LEGAL NOTICE TO THE FOLLOWING ALLNURSES SUBSCRIBERS: Pixie.RN, JustBeachyNurse, monkeyhq, duskyjewel, and LadyFree28. An Order has been issued by the United States District Court for the District of Minnesota that affects you in the case EAST COAST TEST PREP LLC v. ALLNURSES.COM, INC. Click here for more information
Hi I hae been reading the post about corrections nursing and I noticed people who wanted to work there got hired. I also noticed that there is almost always openings. Is that due to high turn over or because the prisons are growing? just curious.
While I cannot answer to the specific facility to which you have applied, I would say it is high stress/burnout. The population that you will be serving is a challenging one. Not only must you do the usual nursing duties but you must be aware of your surroundings, determine if someone is trying to get away with something,expect to be fairly autonomous, be mindful of security issues, etc. It is a delicate balance of providing appropriate care to your patient in a correctional facility. Some nurses, correctional officers, doctors, etc are just not cut out to work in corrections...just as some nurses are not cut out to work in other areas of nursing.
I found corrections quite interesting, challenging and often interesting. I frequently had new opportunities for learning as well as teaching.
The answer is probably attrition. How many nurses want to work in a jail or prison? I bet we could poll several nursing schools and get 0% reply in affirmation. Generally, it's not what people envision when they think of being a nurse. I wouldn't be overly opposed to it. The humor in me working for our state prison system would be running across inmates that I put there, lol. That'd be good.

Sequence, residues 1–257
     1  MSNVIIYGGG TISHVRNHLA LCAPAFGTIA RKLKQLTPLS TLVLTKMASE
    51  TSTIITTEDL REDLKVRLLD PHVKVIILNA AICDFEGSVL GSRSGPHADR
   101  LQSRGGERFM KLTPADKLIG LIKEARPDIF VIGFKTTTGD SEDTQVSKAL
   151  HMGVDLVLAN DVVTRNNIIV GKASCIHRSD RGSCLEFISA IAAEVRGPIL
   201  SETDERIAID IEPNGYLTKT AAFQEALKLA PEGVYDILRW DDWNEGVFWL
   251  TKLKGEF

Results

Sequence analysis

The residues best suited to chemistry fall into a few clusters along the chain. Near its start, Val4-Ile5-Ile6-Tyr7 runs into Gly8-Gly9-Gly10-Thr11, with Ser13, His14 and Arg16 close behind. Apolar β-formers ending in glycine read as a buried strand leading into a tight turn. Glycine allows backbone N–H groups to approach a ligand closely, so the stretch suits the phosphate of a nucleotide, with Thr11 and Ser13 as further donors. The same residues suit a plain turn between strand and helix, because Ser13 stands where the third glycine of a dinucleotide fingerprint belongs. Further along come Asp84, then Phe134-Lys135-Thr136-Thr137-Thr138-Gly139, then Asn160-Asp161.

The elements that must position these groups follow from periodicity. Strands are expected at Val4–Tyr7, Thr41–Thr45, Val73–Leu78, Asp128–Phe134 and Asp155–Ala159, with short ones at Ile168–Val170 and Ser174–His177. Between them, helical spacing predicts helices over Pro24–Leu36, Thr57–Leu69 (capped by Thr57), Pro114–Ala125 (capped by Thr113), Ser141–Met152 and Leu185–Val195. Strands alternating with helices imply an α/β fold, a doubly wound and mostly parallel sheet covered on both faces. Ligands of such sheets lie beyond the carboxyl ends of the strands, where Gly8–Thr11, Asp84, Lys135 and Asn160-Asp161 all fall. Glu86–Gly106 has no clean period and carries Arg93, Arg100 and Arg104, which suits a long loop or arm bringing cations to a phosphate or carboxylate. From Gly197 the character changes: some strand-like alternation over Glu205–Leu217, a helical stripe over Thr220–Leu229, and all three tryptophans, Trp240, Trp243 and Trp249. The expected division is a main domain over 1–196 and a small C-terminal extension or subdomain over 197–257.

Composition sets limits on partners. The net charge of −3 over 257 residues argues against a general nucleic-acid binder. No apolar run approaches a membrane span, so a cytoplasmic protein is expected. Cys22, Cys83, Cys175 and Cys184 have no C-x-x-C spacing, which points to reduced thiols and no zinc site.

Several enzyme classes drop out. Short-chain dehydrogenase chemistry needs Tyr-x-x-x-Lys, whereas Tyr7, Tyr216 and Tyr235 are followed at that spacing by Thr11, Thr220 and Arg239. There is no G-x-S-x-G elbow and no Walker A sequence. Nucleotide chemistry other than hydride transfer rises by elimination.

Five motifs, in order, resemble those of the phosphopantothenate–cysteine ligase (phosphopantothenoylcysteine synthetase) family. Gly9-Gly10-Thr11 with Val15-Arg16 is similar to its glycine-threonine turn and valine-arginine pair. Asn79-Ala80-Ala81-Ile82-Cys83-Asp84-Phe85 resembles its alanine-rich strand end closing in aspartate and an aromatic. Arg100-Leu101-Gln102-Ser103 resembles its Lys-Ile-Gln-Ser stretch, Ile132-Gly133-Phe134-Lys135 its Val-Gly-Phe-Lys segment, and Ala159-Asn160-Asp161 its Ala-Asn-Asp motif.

My educational background before nursing was Legal Studies with an emphasis on criminal justice & criminal law and a postbac paralegal certificate. Corrections interested me from the start, but in nursing school we were dissuaded from considering this as a new grad. yet, they have hired a few new nurses.
Apart from the job of nursing itself, I can imagine that the organization entails alot of training, paperwork, and bureaucracy in everyday matter such as simply getting into and away from work every day, being basically locked in yourself all day, etc. That might not be for everyone. Then depending on the level of security at your facility your patients could be pretty challenging.
Lots of people I went to school with simply said "no way" and had some pretty harsh attitudes toward prison populations and convicted criminals. They expressed fears and reservations about it. I would say to them that they should consider Women's facilities, or look for the minimum security facilities and apply to those places only.
Many people don't want to go in there because they know someone who has gotten out of it after burning out on the constant security measures to go in/out, living most of your waking hours inside a prison (it ain't Disneyland after all), the fear of getting beaten up, raped, or killed (like the nurse on the news recently in the Bay Area), and the general ethical dilemmas some people have ("could you really care for a person who you know raped or killed children?!"). Those are the reasons I've heard from most people who have told me that they don't want to go into this area. Not that it matters, there are now so many unemployed nurses that experienced nurses are now filling these vacancies and new grads aren't getting very far in the process. It's just plain tough out there everywhere you look.
there is some turn over because of the nature of correctional nursing. below are some of the reasons nurses have provided me upon being terminated...both voluntary and fired.
some of the following reasons:
1. correctional nursing is "too of a high stress job".